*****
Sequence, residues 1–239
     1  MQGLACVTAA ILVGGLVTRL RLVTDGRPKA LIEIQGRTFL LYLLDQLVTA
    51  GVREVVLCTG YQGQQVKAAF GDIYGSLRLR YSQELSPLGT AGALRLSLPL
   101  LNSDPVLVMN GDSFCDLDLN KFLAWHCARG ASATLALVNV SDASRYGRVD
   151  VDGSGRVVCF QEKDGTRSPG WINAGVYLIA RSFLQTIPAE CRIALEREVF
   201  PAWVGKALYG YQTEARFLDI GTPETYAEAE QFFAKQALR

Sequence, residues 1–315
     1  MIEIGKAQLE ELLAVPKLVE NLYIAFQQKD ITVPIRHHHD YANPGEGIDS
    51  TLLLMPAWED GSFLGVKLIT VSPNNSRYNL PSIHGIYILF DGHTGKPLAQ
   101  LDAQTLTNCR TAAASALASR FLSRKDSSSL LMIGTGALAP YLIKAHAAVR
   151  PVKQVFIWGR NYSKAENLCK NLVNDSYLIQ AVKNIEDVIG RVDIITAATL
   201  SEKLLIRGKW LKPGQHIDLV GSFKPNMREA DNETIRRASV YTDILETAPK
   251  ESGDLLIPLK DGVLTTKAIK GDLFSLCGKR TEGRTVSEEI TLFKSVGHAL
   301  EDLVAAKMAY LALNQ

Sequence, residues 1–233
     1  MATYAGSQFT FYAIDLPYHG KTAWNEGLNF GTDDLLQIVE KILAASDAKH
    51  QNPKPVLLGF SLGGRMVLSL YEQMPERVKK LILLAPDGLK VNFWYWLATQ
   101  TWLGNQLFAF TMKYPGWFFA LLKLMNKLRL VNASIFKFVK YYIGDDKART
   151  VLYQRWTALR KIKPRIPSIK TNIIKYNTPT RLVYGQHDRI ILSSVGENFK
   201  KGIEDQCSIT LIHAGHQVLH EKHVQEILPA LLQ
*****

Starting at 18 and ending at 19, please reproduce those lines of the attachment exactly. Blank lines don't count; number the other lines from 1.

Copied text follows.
   101  TWLGNQLFAF TMKYPGWFFA LLKLMNKLRL VNASIFKFVK YYIGDDKART
   151  VLYQRWTALR KIKPRIPSIK TNIIKYNTPT RLVYGQHDRI ILSSVGENFK